Making children's hats that represent countries around the world is easy by using old clothes and simple paper shapes. You can turn an old sweater into a French beret or Scottish tam with very little sewing. Transforming a paper cone into a Chinese peasant hat, an Alpine hat, a Turkish fez or a Mexican sombrero is also possible. Handing out paints and crayons allows the children to add the finishing touches. Feathers, tassels and pom-poms will turn these projects into hats fit for the United Nations.
Things you need
- Poster board, assorted colours
- Old sweater, blanket or other thick material
- Needle and thread
- 30 cm (1 foot) long feather
- 50 mm (2 inch) yarn pom-pom
- Satin ribbon for hat strings
Make a Chinese peasant hat out of a cone shape: Cut an 460 mm (18 inch) diameter circle out of poster board.
Draw two intersecting lines through the circle to mark off quarters. Cut out one of the quarters. Join the edges with tape.
If desired, add a ribbon to tie the hat under the chin: Poke a hole on each side of the hat and thread the ribbon through.
Make a Swiss Alpine hat in the same manner, using a 305 mm (12 inch) diameter circle. When joining the edges, adjust the cone so it tilts slightly to the back to create a brim in front. Glue or staple a long feather to the back so it arches backward.
Measure the costume wearer's head at the forehead and around the temples. Cut a rectangle out of poster board the same length and 200 mm (8 inches) high.
Bring the short ends of the rectangle together to make a cylinder, but with one end slightly wider than the other. Tape together.
Tape or staple the string of a tassel to the inside of the hat and drape the tassel over the top and down the outside.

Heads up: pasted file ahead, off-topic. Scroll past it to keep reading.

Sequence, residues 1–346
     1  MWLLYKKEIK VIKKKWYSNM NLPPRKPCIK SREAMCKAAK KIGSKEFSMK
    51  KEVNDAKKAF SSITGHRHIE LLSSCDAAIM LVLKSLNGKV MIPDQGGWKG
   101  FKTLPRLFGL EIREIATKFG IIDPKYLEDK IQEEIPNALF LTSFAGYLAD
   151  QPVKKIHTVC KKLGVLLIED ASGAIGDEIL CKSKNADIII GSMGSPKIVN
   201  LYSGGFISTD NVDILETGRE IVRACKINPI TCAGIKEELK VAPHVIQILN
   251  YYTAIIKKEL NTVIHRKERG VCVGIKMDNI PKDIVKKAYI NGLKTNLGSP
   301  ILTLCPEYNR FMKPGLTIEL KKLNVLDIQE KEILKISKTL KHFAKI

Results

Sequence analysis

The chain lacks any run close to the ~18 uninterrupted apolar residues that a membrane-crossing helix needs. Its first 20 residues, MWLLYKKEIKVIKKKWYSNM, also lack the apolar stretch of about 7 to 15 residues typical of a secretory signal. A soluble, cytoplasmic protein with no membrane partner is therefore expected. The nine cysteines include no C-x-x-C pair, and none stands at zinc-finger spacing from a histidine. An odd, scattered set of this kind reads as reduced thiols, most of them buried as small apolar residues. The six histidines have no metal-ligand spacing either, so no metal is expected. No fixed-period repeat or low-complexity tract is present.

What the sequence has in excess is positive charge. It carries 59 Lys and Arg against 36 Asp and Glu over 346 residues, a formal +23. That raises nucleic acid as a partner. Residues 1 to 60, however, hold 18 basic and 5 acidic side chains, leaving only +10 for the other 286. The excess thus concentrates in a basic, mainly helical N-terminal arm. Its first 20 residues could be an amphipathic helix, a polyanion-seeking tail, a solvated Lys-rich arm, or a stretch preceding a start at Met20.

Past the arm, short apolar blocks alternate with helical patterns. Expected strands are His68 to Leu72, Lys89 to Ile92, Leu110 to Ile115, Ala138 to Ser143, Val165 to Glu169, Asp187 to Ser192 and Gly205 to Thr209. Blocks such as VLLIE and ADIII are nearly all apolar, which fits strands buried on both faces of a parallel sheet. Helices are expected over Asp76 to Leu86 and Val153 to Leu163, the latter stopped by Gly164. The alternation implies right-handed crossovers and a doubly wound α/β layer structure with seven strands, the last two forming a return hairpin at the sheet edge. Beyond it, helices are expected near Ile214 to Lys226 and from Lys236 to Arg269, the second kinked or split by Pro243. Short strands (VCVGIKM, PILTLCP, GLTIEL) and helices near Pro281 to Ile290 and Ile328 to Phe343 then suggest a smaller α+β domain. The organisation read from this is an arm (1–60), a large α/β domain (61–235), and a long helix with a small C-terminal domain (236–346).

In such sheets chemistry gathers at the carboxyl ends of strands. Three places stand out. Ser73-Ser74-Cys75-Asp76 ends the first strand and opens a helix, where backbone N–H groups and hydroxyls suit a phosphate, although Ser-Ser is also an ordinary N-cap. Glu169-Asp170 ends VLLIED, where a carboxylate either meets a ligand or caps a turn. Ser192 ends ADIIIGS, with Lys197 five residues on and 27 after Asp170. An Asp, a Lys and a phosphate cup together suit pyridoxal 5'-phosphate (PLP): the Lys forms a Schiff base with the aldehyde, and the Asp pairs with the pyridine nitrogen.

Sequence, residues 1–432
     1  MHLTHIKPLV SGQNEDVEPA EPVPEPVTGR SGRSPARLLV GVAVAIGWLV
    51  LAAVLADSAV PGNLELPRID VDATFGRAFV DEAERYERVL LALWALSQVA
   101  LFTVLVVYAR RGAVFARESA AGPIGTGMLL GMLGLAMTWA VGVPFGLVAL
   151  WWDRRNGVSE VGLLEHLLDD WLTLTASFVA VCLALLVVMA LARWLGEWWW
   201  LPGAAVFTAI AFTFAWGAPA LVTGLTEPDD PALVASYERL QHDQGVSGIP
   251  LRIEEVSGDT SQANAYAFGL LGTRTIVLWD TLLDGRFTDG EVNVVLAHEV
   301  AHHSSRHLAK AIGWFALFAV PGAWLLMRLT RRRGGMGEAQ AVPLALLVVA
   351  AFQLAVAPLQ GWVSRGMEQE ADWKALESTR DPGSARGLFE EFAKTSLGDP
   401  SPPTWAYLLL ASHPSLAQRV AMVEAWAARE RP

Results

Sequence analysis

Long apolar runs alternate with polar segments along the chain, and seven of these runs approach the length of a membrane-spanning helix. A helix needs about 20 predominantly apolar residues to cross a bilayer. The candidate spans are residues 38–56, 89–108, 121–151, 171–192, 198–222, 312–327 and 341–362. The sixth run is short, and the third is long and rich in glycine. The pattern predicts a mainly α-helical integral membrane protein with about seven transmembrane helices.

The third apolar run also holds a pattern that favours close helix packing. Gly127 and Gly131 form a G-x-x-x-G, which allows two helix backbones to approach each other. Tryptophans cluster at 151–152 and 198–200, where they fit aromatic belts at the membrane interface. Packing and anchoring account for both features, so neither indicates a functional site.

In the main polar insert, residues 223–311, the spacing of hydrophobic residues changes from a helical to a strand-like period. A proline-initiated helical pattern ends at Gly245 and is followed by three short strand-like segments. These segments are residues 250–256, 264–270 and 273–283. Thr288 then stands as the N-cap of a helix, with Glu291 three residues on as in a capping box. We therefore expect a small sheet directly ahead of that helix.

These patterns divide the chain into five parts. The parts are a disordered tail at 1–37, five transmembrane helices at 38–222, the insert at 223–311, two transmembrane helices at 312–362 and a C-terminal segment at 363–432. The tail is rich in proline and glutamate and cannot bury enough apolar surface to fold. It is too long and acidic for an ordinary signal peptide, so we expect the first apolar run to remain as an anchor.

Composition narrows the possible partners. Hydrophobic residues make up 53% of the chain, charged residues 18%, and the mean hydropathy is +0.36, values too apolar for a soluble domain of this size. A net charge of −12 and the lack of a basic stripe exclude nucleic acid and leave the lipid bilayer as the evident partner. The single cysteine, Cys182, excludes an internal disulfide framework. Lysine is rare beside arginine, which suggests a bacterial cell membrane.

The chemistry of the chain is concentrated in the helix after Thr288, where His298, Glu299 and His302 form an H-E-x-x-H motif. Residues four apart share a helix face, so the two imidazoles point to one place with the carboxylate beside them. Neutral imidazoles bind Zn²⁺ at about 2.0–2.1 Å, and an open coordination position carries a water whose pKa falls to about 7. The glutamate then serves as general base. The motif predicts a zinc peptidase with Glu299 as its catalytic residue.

Cut a 60 cm (2 foot) diameter circle out of poster board. Measure 30 cm (1 foot) in from the outside edge and draw a line around the circle. Cut through the doughnut to the line, then cut around the line to cut out the inside circle. The doughnut will become the brim.
Make a cone out of the inside circle with the ends meeting. Tape together.
Place the doughnut over the cone to form the brim. If the doughnut hole is too big and falls off, make it smaller by bringing the ends together. Tape the doughnut closed.
Remove the brim and bend the outside edge of it up by shaping it around a soup can. Place the brim back on the cone and tape the two together.
Cut a 30 cm (1 foot) circle out of a plain dark sweater or blanket for a beret; choose bright colours and patterns for the tam.
Stitch with a double-threaded needle along the outside of the circle about 25 mm (1 inch) from the edge. Leave a tail at the knot and needle ends of the thread.
Grab both tails and pull as with a drawstring to gather the circle into a tam shape. Even out the puckering if the sweater material gets bunched up. Adjust the hat size as necessary by pulling or loosening the strings, then tie the ends together securely.
Make a tam by sewing a pom-pom to the top of the hat in the centre.
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